As we move exuberantly into the second half of the 2014 Berkshire Festival of Women Writers, my mind is sparkling with memories of the powerful, indeed heart-stopping moments that have already taken place at Festival events this season.
Grace Rossman extending a powerful poetic hand to the drowning Ophelia in so many girls today; Ruth Sanabria impersonating both her mother and the fascist regime that unjustly imprisoned her in a fierce poem about the impossibility of stamping out the love between mother and daughter; Kate Abbott celebrating the cultural diversity of the Berkshire hills as she works quietly and steadily to make it more visible; Barbara Bonner eloquently describing the spirit of generosity that seeks and needs no recompense.
The list could go on, and it will, as the Festival continues to unfold day by day this month, and throughout the year in the on-going readings, workshops and writers’ circles that will be taking place under the Festival banner.
This is important work we’re doing together at the Festival—creating multiple entry points and platforms for women writers to step into the spotlight and shine.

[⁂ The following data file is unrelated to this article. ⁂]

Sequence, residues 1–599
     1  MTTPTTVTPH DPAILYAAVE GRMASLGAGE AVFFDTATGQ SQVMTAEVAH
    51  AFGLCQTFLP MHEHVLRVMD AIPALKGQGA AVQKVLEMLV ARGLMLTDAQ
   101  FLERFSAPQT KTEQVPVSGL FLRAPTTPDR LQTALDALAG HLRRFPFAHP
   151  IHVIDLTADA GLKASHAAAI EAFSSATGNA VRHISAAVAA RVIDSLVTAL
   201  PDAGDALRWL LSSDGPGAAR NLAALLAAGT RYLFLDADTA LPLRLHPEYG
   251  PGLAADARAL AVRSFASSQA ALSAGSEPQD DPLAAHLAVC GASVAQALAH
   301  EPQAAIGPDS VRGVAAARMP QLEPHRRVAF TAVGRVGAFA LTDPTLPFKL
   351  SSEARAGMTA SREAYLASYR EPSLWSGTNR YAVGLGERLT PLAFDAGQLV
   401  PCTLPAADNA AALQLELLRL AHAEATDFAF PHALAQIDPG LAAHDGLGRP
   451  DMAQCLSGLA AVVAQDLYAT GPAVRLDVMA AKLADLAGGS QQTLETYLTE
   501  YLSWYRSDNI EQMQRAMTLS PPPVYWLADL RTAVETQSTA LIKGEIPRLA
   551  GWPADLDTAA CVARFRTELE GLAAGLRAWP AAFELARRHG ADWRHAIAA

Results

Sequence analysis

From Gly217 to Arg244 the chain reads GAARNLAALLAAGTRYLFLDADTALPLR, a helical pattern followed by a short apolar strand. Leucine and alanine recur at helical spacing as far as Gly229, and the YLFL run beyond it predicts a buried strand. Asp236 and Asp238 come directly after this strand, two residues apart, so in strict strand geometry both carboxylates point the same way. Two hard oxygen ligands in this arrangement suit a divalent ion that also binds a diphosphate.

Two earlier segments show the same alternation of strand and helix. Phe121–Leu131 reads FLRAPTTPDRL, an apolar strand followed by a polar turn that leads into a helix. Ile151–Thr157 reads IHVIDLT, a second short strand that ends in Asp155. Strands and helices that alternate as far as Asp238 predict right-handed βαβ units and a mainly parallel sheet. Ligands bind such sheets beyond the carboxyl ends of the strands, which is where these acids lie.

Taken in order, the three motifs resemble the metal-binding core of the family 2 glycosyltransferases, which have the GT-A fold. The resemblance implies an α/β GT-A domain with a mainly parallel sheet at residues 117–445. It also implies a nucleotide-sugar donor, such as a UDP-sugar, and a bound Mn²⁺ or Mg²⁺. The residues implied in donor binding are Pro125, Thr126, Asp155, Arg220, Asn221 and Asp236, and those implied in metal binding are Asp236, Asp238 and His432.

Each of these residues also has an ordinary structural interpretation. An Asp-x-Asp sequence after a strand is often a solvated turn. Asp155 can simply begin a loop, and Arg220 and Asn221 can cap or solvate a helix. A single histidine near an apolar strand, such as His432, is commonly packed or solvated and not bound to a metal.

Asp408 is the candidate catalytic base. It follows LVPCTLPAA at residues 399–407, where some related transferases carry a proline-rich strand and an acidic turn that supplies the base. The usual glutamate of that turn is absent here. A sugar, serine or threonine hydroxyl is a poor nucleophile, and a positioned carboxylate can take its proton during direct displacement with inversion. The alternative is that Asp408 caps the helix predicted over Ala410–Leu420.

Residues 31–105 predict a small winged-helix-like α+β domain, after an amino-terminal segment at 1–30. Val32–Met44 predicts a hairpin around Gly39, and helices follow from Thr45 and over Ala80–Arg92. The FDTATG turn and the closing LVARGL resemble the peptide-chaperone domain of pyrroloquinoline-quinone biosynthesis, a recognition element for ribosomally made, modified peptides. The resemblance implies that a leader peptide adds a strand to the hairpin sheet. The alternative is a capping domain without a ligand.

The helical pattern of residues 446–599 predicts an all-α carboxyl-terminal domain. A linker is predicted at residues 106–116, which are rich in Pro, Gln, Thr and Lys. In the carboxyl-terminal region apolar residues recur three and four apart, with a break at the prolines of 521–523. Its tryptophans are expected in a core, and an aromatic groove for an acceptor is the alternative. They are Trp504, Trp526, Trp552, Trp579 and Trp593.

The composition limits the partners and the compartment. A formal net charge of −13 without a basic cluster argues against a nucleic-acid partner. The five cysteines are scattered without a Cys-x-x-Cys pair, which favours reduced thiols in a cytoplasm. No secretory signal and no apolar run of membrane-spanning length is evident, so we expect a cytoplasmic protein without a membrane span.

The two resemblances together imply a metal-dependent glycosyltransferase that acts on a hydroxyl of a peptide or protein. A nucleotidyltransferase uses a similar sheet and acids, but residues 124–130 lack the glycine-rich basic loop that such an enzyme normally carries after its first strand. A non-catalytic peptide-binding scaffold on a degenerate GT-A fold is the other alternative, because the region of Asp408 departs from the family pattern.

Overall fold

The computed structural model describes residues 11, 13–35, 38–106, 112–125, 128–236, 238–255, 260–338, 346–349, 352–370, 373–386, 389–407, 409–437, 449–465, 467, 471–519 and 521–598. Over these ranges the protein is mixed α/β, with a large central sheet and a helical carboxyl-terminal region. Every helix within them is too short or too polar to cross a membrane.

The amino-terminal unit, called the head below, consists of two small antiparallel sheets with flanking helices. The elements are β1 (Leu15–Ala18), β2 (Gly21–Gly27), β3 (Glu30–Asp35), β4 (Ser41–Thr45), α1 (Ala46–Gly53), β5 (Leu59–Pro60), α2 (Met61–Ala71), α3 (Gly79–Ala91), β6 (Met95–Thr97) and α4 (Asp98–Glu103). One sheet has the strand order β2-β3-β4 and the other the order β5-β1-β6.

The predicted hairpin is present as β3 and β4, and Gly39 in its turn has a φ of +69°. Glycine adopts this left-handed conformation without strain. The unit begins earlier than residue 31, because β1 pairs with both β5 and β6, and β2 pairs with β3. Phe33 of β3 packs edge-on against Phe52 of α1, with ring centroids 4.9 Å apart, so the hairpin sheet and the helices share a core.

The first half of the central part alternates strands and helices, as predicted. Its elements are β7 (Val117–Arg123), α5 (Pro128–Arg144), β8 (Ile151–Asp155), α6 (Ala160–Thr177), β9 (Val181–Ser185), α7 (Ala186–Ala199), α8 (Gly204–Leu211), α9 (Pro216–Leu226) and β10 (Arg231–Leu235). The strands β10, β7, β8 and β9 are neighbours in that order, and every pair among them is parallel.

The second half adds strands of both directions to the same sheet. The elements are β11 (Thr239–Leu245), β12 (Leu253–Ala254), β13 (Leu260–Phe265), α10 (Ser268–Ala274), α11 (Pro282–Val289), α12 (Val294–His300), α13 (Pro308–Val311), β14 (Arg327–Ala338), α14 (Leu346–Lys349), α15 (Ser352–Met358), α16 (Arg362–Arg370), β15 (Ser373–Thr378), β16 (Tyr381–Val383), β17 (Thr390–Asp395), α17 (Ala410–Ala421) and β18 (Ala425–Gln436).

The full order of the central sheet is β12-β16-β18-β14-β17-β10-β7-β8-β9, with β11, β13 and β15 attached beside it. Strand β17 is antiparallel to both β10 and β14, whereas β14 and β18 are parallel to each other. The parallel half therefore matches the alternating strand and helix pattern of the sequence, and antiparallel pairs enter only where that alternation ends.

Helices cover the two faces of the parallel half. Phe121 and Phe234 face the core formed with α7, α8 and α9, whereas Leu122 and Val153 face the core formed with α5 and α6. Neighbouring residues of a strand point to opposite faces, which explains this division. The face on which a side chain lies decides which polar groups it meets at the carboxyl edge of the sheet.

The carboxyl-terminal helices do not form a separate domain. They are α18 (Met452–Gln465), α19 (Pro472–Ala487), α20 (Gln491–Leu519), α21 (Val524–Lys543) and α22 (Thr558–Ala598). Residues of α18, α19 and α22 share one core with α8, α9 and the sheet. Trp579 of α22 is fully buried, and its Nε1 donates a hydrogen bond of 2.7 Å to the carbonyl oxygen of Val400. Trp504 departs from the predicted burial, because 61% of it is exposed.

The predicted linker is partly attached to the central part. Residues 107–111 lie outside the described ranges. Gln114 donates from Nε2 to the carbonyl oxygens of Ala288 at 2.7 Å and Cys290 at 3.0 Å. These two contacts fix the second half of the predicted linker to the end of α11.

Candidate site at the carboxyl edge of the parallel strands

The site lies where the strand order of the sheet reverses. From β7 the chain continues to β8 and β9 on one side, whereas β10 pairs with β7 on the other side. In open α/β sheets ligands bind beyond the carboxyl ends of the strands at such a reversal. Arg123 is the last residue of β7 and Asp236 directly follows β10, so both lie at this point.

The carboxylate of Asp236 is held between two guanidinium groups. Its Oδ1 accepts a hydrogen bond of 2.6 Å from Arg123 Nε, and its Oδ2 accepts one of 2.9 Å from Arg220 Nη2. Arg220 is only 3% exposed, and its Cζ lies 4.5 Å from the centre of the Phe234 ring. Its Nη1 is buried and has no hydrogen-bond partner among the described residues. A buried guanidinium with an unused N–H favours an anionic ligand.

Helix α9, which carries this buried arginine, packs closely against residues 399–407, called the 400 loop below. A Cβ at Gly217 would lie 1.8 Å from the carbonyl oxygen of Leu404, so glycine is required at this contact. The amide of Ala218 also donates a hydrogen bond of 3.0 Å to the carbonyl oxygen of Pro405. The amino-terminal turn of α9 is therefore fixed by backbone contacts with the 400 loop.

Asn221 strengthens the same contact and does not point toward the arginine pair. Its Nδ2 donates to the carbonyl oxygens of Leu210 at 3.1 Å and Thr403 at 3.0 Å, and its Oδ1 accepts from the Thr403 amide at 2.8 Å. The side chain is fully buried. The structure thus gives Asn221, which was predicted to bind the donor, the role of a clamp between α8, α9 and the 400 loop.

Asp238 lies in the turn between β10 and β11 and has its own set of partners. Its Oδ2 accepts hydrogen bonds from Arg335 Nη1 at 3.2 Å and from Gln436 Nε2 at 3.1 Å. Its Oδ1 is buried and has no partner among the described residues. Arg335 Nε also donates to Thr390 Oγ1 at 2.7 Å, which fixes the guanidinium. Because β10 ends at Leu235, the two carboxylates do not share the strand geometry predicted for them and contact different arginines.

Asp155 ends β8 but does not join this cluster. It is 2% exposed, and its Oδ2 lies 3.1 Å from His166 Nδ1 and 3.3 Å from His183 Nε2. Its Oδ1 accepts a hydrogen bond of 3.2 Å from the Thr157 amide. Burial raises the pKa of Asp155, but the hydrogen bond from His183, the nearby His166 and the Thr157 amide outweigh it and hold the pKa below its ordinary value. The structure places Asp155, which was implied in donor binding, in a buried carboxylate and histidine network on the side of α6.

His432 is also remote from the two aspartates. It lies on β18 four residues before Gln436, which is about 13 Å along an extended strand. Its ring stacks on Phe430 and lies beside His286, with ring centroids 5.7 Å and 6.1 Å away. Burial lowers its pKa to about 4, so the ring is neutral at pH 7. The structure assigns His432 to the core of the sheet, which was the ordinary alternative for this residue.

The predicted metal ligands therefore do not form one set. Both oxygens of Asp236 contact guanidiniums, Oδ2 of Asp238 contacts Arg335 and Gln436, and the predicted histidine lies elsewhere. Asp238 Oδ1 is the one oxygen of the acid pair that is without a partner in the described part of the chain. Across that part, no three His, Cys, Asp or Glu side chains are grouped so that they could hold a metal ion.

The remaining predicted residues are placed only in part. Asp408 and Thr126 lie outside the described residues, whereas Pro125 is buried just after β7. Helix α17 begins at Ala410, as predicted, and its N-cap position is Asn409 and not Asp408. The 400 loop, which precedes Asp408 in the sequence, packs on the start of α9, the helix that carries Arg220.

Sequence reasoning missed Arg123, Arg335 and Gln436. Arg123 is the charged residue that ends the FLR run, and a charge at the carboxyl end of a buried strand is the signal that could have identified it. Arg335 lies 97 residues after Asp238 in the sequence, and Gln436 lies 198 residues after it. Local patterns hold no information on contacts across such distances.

The truth is, such opportunities are still all too rare for women writers, and creative women more generally.
At the end of February, just in time for Women’s History Month, the non-profit, all-volunteer group VIDA published its annual Count, revealing the continuing disparity between men’s and women’s voices in literary and upscale magazines and journals.
I invite you to take a look for yourself: the results show clearly that in literary circles (think The New Yorker, the Times Literary Supplement, The New Republic, The Atlantic, the London Review of Books, The Nation and the New York Review of Books), the old boys’ club is alive, well and holding steady at an average of 75% male voices represented in their pages over the past year.
It’s the same in book publishing, which may be one reason why women are so interested in exploring new opportunities for self-publishing and self-promotion.
Having spent far too much of my life not even trying to take myself seriously as a writer because I knew exactly how high the odds were stacked against my success, I’m excited about the DIY spirit of the new publishing landscape.
I’ve got a book that’s almost ready to launch, and buoyed by the lively, can-do spirit of the Berkshire Festival of Women Writers, I’m thinking seriously about bypassing the old boys’ club entirely and taking responsibility myself for getting my words out into the world.
No more sitting on the sidelines complaining that “they won’t let us in!” No more waiting to be asked to dance. No more hiding my light for fear it won’t be appreciated.
If all of us women started supporting each other and working collaboratively to create the opportunities we all need to shine, we could change the creative cultural landscape for the better, turning those red and blue pie charts a lovely shade of purple.
What a beautiful world it would be!